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There has always been an unhealthy comparison between generations in the music industry. This  analogy creates a climate of mistrust. Most often encouraged by nostalgics of the first hour who  find that the current generation lacks ingenuity. For a long time this situation created distance  between the two generations. Over time, the parties bridged the gap. This is how we saw certain  artists of the older generation standing out by breaking the rivalry. They are no longer content to  popularize local musical habits and customs, but to work hand in hand with new generations. 

The relationship between the old and new generations of artists in Cameroon is far from being  unanimous. There is still a long way to go to make it homogeneous. It is a titanic task that requires the investment of both parties in order to reach a true understanding.  If the older generation reproaches their younger counterparts for a lack of creativity in the musical  content they propose, the latter in turn reproach the older generation for not passing on their know how. This difference of opinion, which was maintained for a long time by each party, gave rise to a delectable atmosphere, even though no one wanted to accept their share of responsibility. There was a period when Cameroonian music was at its peak, and a large majority of today’s artists were not yet born. Without a reference point, they were influenced by foreign music, which at one time was inspired by Cameroonian music. 

However, in order to lighten the atmosphere, several elders of music took it upon themselves to  accompany the young artists who were willing to learn, because talent alone is often not enough to be a  good artist. In this new state of mind, we saw an artist like Salatiel do a collaboration in 2022 with the local and living legend of Makossa, Petit Pays. Rabba Rabbi (Petit Pays) is one of the only Cameroonia artists to have experienced the glory era of Makossa. He not only knew it, but he also worked so that young artists could make themselves known. He is also one of the few to have been able to release hits regularly over a decade.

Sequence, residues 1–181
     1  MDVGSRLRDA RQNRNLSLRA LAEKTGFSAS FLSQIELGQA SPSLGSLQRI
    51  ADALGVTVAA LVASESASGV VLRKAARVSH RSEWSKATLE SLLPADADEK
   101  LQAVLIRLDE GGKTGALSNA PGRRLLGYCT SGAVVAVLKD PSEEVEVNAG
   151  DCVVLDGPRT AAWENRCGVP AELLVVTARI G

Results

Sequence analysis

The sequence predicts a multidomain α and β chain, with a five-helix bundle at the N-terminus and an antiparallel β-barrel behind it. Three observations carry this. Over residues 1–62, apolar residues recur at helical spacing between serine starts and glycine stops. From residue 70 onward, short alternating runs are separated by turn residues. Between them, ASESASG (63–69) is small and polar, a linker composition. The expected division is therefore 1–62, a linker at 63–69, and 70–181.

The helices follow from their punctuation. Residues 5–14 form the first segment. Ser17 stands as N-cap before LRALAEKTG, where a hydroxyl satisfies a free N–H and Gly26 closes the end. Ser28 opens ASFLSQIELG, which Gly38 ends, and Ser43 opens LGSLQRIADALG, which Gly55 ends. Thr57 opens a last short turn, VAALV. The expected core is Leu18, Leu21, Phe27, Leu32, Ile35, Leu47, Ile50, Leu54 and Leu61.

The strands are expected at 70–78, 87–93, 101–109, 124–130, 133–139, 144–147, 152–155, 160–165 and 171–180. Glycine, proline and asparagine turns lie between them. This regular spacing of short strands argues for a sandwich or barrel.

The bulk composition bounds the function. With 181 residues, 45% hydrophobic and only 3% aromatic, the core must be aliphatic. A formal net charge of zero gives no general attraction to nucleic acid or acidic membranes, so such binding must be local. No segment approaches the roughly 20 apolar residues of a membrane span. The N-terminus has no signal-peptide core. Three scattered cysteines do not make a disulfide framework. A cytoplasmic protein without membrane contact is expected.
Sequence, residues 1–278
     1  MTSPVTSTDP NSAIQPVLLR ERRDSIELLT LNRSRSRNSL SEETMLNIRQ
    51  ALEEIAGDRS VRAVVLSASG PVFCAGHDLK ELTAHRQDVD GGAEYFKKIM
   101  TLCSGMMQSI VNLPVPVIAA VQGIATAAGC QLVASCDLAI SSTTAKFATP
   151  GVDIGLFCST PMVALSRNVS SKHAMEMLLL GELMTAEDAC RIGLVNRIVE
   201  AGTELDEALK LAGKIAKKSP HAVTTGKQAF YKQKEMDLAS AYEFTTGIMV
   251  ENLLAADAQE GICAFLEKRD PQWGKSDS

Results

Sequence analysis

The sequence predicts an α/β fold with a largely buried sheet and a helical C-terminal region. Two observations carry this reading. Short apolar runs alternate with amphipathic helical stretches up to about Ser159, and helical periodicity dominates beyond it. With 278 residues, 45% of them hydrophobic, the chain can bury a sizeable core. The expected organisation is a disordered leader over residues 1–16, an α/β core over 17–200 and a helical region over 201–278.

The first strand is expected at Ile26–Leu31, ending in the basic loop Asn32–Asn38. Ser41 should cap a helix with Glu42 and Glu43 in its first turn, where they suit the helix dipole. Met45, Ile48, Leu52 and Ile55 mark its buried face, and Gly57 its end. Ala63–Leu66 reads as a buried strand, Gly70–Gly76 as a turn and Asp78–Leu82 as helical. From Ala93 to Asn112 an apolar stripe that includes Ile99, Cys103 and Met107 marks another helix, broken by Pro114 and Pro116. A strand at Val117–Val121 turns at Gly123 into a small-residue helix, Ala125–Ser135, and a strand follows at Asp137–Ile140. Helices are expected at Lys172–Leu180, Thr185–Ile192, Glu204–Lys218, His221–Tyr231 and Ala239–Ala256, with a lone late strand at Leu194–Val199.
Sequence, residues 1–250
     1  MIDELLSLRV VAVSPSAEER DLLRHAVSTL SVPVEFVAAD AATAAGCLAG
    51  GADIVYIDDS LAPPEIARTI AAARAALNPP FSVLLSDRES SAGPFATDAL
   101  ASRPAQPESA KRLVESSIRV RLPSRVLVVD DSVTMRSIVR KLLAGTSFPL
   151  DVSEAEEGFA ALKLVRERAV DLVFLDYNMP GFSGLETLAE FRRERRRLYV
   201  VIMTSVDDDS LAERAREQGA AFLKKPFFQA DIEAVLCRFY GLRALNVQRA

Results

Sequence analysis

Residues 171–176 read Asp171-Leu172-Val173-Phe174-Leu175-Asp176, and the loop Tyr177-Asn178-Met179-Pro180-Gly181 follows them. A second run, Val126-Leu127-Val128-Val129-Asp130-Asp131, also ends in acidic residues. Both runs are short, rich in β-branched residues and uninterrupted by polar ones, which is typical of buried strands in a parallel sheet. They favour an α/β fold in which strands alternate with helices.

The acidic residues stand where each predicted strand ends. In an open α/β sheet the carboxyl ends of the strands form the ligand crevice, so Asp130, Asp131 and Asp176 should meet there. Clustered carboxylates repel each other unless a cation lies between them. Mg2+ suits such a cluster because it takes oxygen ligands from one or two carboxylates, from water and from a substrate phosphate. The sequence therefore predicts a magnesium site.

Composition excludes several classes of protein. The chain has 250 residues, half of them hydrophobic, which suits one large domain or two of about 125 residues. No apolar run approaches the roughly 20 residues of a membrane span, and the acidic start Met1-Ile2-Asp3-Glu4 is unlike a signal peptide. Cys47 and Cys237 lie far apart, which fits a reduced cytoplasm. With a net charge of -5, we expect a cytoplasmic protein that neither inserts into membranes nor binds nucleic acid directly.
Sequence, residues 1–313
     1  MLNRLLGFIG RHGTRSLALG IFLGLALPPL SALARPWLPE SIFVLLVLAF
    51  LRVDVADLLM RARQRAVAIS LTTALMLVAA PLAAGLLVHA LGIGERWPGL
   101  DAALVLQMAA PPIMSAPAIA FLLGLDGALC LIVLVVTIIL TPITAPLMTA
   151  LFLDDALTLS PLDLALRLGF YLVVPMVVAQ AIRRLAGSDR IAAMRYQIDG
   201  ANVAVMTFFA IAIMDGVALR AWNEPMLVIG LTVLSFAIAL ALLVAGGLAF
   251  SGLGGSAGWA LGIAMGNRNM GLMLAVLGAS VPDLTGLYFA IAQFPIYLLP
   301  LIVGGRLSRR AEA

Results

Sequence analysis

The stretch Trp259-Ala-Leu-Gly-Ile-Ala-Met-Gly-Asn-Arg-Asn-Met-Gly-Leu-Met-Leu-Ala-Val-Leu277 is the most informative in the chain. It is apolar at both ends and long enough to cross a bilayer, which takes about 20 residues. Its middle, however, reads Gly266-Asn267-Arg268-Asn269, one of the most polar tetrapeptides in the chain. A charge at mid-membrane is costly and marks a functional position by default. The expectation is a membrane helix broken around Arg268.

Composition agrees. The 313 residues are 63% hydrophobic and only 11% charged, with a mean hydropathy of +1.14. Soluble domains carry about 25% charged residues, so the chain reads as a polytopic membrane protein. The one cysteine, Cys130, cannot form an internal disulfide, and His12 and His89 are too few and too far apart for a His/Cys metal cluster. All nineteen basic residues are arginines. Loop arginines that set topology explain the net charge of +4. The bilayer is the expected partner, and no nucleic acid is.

Daphné also collaborated with Ben Decca in 2014. Since 2014, this monument of Cameroonian  music, Makossa in particular, has also continued to multiply collaborations with new artists like Sandrine Nnanga in 2018 and Cysoul in 2019. It was only legitimate for these young artists to turn  to these historical pillars to together create and break the taboos on the non-existence of work  between youth and old age in Cameroon.  

The multiple collaborations between the artists of the old and new generations have been  beneficial for both parties. On the side of the old artists, this return to the forefront allowed them to  replay certain classics that have rocked many generations and that very few of them did not know.  Some of them have been revisited and new sounds added. Collaboration with elders can also be a springboard for the career of a young artist. Many of them have benefited from the spin-offs of  their collaborations to gain notoriety.  

Despite these beautiful initiatives, collaborations between generations of artists will always remain  mixed for the simple reason that there is a lack of real organization in the music industry in Cameroon. With the success they have, some artists do not consider it useful to have to accept a  project with any elder. The latter must have a strong aura. 

The particularity of Cameroon has always been to shine in each musical register in the world.  Thus, unlike neighboring countries, the Cameroon Musical style is like the Country a Mosaic that  cannot be defined under a single generalist name.

What artists shape is not a style but a sustainable and viable ecosystem both for them and for  their audience.  

Discover more music from Cameroon with Boiler Room x Ballantine’s True Music Studios.

Written by: Catherine Assogo